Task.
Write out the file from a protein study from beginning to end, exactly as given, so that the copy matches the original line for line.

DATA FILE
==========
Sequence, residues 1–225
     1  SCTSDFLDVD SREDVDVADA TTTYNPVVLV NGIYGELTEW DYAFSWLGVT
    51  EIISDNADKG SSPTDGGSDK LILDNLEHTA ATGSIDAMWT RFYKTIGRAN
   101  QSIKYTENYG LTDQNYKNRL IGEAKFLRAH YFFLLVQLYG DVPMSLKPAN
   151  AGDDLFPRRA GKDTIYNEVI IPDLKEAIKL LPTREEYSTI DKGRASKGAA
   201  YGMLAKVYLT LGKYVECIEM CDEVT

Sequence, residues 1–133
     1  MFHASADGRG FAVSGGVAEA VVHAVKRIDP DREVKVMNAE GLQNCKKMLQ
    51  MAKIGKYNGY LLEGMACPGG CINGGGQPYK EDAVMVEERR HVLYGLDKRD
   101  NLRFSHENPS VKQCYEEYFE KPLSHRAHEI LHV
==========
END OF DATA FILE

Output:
Sequence, residues 1–225
     1  SCTSDFLDVD SREDVDVADA TTTYNPVVLV NGIYGELTEW DYAFSWLGVT
    51  EIISDNADKG SSPTDGGSDK LILDNLEHTA ATGSIDAMWT RFYKTIGRAN
   101  QSIKYTENYG LTDQNYKNRL IGEAKFLRAH YFFLLVQLYG DVPMSLKPAN
   151  AGDDLFPRRA GKDTIYNEVI IPDLKEAIKL LPTREEYSTI DKGRASKGAA
   201  YGMLAKVYLT LGKYVECIEM CDEVT

Sequence, residues 1–133
     1  MFHASADGRG FAVSGGVAEA VVHAVKRIDP DREVKVMNAE GLQNCKKMLQ
    51  MAKIGKYNGY LLEGMACPGG CINGGGQPYK EDAVMVEERR HVLYGLDKRD
   101  NLRFSHENPS VKQCYEEYFE KPLSHRAHEI LHV